Use of AAV for Immunotherapy
Genetic vaccines are under development for use against diseases where conventional technologies have failed (tuberculosis, HIV and malaria). They differ from conventional vaccines in that genetic material derived from the pathogen, rather than live or killed forms of the infectious organism, are injected into the host. Cells that take up this genetic material synthesise proteins normally found in the pathogen and stimulate immunity that can confer protection against the infectious agent.
It is well established that the choice of vector to deliver genetic vaccines has a dominant influence over the character and magnitude of the ensuing immune response. This project is designed to test the utility of recombinant adeno-associated virus (rAAV) for this purpose, a vector that has the capacity to transduce tissues with high efficiencies and produce long-term expression of vector-encoded transgenes.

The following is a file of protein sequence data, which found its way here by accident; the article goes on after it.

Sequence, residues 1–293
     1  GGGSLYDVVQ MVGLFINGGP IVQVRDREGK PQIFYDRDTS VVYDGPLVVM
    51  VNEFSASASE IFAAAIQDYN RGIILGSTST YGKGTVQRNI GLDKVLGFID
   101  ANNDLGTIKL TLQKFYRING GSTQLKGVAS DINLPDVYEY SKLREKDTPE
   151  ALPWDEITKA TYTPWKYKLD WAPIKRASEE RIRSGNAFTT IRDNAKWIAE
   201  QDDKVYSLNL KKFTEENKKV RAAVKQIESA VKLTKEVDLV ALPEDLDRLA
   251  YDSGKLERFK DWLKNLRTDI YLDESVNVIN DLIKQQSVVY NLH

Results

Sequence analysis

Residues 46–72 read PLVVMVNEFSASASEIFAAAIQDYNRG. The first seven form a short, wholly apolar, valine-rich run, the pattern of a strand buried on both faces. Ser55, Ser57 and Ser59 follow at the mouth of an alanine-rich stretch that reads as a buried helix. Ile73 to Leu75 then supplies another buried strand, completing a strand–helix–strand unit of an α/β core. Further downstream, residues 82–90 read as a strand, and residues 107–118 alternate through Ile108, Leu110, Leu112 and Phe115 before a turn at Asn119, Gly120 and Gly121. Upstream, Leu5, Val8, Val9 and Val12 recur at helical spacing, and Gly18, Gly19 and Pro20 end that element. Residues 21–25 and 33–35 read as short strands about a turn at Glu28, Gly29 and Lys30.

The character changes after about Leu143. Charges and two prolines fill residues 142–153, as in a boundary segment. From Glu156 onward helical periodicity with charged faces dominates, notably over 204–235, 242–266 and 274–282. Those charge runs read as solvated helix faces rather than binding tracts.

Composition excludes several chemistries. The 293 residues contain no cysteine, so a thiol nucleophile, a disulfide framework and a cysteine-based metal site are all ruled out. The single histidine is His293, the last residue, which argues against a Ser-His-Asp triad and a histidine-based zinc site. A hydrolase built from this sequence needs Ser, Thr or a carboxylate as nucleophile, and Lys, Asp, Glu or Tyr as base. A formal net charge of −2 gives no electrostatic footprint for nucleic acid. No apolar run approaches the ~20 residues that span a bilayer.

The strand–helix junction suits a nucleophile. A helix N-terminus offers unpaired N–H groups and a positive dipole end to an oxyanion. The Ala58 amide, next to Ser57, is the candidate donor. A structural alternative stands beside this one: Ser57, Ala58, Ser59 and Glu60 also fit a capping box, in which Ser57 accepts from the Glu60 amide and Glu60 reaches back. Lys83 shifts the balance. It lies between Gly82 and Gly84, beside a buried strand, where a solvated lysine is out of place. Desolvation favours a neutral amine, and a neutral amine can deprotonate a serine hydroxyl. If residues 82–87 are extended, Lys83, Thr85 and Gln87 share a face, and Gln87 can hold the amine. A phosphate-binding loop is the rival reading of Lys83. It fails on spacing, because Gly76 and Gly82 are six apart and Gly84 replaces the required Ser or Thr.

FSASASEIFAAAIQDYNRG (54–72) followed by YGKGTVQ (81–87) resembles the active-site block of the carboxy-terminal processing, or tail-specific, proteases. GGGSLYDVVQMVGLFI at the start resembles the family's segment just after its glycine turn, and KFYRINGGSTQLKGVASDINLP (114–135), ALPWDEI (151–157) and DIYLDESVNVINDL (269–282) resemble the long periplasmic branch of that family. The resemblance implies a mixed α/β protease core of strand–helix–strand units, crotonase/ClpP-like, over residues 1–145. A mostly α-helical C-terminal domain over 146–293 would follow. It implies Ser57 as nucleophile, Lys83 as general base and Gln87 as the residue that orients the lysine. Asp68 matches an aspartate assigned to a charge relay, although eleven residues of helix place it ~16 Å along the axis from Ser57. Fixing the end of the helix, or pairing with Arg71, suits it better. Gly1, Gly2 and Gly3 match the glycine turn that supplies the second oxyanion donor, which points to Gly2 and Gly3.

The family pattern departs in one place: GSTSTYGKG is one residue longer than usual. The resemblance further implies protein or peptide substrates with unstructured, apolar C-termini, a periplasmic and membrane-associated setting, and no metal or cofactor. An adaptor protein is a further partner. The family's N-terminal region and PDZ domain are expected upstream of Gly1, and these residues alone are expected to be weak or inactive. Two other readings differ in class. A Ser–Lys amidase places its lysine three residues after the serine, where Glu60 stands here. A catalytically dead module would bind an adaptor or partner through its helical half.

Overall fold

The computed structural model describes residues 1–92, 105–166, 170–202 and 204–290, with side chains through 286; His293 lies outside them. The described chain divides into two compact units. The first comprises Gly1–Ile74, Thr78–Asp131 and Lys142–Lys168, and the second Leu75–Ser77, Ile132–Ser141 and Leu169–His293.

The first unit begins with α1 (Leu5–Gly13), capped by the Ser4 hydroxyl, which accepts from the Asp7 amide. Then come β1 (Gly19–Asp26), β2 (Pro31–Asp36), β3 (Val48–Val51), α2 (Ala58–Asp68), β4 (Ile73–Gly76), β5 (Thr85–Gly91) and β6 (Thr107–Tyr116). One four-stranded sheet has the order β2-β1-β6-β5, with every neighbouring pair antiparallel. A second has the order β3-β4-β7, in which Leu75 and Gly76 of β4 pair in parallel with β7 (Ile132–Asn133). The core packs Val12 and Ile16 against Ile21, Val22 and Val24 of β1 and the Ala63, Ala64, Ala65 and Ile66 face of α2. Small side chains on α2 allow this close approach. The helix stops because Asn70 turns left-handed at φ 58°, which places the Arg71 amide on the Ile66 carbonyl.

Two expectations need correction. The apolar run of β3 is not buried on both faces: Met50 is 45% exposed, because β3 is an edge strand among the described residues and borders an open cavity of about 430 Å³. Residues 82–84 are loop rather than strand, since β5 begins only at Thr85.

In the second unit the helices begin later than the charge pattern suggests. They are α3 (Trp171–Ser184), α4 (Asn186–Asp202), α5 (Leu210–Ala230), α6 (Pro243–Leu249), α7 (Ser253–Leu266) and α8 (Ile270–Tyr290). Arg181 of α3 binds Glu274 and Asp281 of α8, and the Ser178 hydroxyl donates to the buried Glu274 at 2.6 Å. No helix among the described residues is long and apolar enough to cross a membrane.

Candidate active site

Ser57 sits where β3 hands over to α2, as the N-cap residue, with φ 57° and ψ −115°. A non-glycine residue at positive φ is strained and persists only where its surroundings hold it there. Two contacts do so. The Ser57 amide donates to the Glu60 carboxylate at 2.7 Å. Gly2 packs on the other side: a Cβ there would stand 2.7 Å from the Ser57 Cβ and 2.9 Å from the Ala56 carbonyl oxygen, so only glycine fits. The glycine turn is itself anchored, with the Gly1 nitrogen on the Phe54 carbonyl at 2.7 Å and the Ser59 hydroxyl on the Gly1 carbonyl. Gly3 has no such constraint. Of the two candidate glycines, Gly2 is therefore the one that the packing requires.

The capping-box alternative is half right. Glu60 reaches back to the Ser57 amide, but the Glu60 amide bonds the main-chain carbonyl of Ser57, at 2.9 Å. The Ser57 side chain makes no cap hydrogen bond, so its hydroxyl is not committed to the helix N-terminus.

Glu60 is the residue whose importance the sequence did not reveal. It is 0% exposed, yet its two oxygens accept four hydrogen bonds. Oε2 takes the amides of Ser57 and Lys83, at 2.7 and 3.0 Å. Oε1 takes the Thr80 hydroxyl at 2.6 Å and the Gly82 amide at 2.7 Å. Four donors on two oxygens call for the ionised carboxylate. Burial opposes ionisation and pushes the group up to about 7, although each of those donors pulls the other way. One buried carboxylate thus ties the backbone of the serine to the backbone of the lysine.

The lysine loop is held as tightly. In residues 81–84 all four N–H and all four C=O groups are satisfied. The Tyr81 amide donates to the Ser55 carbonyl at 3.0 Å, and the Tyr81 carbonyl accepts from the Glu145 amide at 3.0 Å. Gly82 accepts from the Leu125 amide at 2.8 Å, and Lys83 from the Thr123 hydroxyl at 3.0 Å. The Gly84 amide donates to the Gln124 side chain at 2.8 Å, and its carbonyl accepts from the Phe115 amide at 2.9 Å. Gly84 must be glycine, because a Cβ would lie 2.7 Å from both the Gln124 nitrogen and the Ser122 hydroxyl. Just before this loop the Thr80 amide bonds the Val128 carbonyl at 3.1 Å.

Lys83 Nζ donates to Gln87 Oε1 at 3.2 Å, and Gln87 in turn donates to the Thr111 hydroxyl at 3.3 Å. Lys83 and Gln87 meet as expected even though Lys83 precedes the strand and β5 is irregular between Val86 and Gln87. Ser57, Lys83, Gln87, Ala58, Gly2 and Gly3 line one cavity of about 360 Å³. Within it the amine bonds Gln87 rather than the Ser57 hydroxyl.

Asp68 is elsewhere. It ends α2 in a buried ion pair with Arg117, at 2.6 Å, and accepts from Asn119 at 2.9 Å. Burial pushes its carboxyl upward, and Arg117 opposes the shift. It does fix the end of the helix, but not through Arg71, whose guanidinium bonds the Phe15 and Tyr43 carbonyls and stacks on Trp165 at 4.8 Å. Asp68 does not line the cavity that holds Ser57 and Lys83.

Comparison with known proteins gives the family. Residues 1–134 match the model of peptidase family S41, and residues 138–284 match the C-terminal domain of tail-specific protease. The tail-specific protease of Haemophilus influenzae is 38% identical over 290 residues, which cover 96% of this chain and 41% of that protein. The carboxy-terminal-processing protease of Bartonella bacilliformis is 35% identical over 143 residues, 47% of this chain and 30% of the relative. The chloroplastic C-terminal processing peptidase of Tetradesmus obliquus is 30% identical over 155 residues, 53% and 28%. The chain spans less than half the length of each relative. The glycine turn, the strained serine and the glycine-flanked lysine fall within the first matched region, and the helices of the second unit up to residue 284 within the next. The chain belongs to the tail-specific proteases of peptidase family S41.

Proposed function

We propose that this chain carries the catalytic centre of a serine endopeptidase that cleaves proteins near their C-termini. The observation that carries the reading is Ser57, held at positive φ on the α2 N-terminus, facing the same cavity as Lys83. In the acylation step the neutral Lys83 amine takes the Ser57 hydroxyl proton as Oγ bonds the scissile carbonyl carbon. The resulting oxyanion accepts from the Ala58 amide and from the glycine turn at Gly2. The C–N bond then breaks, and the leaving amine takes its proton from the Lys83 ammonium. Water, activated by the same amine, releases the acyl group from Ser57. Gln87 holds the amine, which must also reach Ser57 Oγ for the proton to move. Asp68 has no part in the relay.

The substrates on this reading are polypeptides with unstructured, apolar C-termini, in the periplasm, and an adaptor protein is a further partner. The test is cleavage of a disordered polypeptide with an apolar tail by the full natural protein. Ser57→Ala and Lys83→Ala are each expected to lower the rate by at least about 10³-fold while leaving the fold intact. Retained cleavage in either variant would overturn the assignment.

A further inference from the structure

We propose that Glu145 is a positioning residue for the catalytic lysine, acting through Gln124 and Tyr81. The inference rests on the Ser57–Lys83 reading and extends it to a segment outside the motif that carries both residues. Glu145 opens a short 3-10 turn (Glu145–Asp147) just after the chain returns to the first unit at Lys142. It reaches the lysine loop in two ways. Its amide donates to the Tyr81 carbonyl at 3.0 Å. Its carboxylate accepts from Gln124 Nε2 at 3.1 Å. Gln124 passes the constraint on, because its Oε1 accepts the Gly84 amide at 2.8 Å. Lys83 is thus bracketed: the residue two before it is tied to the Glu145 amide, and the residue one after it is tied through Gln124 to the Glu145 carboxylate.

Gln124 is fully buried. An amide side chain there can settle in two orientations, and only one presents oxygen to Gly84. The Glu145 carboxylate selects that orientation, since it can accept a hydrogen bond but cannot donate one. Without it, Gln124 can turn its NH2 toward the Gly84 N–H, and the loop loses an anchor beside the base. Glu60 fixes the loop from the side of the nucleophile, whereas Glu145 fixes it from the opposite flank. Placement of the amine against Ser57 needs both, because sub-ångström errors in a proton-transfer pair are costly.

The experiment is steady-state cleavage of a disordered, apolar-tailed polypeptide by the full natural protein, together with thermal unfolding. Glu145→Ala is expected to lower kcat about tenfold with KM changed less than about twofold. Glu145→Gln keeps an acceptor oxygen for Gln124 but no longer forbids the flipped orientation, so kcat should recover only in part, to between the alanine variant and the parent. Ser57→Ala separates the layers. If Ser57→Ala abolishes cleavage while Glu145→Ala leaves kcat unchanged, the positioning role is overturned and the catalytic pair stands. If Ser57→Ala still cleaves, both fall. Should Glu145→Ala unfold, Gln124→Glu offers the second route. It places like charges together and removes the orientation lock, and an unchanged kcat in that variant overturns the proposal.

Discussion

We have shown that injection of rAAV encoding malarial antigens into the muscles of mice stimulates immunity specific for the parasite although the magnitude of this response needs to be increased to be effective in controlling infection. In the course of this investigation, we have also identified a strategy that specifically inhibits immunity. Although early in its development, it is possible that this strategy might eventually be applied in the clinical setting where specific immune responses need to be circumvented.